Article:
The NHTS is a national survey that provides data on daily personal travel, including information on household and demographic characteristics, employment status, vehicle ownership, trips taken, modal choice, and other related transportation data. The survey — conducted in 2001, 2009, 2017, and 2022 — is a continuation of the Nationwide Personal Transportation Survey (NPTS). This analysis utilizes data from the 2022 NHTS. The 2022 NHTS collected travel data from a national sample of civilian, non-institutionalized population of the United States - 7,893 households, as collected from January 2022 to January 2023. Data collection in 2017 and 2022 differed from that in earlier years, because it used address-based sampling rather than random digit-dialing (as was the case in the 1990, 1995, 2001, and 2009 surveys) to obtain survey responses. The change to address-based sampling enabled the inclusion of cellphone-only households – a group excluded in previous years. The 2017 NHTS utilized both online data and phone data collection instead of phone only as in previous years, while the 2022 NHTS relied on online data collection with the option of requesting a paper survey by mail (after receipt of the initial recruitment letter). Address-based sampling also allows for better geographic controls to ensure the geographic distribution of the sample since phone numbers are no longer tied to a geographical area like they once were.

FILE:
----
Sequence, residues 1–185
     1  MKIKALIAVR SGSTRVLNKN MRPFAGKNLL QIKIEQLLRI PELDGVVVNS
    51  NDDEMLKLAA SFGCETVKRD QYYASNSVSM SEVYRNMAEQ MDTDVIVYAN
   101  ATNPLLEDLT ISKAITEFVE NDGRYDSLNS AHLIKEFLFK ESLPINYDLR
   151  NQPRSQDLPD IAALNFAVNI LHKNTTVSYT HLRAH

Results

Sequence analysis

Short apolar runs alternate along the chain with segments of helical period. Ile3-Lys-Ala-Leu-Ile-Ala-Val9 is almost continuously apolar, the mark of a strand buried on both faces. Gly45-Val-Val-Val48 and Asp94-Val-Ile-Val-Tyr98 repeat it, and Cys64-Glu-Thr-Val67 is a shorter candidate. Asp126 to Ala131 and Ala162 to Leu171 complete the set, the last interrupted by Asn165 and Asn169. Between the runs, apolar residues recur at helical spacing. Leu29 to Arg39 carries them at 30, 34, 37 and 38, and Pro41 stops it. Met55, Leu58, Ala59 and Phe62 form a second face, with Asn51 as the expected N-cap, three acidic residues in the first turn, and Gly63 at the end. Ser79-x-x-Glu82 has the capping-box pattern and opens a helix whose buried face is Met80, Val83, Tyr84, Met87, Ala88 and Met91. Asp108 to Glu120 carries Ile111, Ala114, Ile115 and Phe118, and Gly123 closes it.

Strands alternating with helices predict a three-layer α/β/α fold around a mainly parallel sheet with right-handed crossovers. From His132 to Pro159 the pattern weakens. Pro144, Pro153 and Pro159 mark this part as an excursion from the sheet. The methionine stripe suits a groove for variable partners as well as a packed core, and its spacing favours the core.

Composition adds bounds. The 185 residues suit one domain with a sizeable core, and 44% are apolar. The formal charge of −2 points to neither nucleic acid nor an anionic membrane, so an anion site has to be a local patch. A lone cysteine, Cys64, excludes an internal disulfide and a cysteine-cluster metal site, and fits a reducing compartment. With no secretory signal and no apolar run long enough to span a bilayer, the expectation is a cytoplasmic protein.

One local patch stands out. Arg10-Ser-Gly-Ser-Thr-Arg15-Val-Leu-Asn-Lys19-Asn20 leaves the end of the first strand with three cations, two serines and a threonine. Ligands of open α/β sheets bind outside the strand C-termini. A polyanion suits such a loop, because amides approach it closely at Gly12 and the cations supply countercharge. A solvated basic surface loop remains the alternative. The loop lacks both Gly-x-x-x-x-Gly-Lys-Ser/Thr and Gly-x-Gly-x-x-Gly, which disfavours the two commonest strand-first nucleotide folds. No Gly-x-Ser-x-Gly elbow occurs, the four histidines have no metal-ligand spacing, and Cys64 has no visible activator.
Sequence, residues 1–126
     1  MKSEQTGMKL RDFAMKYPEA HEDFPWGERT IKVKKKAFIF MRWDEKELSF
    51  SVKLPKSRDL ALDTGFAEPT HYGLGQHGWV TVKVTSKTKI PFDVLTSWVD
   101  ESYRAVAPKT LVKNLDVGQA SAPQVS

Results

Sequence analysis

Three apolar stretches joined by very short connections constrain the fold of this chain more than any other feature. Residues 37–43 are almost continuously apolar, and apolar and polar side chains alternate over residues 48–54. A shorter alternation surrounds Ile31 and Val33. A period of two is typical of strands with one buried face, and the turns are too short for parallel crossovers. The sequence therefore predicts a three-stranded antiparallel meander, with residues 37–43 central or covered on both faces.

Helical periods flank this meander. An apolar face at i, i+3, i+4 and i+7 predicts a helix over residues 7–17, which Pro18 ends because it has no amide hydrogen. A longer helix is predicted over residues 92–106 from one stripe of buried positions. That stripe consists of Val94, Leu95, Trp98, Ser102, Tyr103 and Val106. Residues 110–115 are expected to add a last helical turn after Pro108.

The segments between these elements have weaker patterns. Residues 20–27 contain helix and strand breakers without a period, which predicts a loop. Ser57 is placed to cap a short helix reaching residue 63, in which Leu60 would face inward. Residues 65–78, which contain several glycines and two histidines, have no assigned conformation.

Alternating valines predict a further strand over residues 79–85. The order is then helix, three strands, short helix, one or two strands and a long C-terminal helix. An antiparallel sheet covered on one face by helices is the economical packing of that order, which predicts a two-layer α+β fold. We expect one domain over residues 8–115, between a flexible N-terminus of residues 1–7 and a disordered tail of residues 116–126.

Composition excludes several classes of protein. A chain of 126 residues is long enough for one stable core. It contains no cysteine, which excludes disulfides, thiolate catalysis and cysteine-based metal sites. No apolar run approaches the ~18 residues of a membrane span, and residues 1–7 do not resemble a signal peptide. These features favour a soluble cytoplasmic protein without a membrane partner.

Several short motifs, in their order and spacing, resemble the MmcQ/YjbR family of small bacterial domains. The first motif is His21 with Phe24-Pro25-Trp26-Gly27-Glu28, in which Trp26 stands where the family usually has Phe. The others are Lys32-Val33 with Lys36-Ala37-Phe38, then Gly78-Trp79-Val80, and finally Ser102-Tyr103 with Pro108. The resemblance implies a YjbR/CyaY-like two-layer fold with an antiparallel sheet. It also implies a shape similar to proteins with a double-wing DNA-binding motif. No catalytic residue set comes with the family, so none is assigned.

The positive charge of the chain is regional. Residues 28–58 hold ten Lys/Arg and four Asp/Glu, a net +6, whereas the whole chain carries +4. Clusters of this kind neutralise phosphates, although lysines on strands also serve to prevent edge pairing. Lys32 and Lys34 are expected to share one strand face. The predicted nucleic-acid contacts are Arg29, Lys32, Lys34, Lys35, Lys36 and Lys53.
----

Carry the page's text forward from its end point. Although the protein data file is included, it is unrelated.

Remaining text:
Consumer units versus households

The Consumer Expenditure Survey reports data for consumer units. A consumer unit comprises either: (1) all members of a particular household who are related by blood, marriage, adoption, or other legal arrangements; (2) a person living alone or sharing a household with others or living as a roomer in a private home or lodging house or in permanent living quarters in a hotel or motel, but who is financially independent; or (3) two or more persons living together who use their income to make joint expenditure decisions. To be considered financially independent, at least two of the three major expense categories (housing, food, and other living expenses) have to be provided entirely, or in part, by the respondent.